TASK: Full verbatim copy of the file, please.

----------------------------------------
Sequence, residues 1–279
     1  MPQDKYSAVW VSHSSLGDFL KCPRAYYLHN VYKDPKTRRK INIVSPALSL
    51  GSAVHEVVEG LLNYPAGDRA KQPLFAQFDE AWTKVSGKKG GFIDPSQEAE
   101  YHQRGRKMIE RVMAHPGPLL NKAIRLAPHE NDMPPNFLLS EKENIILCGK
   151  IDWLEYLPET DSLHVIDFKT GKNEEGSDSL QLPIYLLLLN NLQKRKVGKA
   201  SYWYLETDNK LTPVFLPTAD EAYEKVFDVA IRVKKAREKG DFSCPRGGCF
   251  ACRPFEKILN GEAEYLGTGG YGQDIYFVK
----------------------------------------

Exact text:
Sequence, residues 1–279
     1  MPQDKYSAVW VSHSSLGDFL KCPRAYYLHN VYKDPKTRRK INIVSPALSL
    51  GSAVHEVVEG LLNYPAGDRA KQPLFAQFDE AWTKVSGKKG GFIDPSQEAE
   101  YHQRGRKMIE RVMAHPGPLL NKAIRLAPHE NDMPPNFLLS EKENIILCGK
   151  IDWLEYLPET DSLHVIDFKT GKNEEGSDSL QLPIYLLLLN NLQKRKVGKA
   201  SYWYLETDNK LTPVFLPTAD EAYEKVFDVA IRVKKAREKG DFSCPRGGCF
   251  ACRPFEKILN GEAEYLGTGG YGQDIYFVK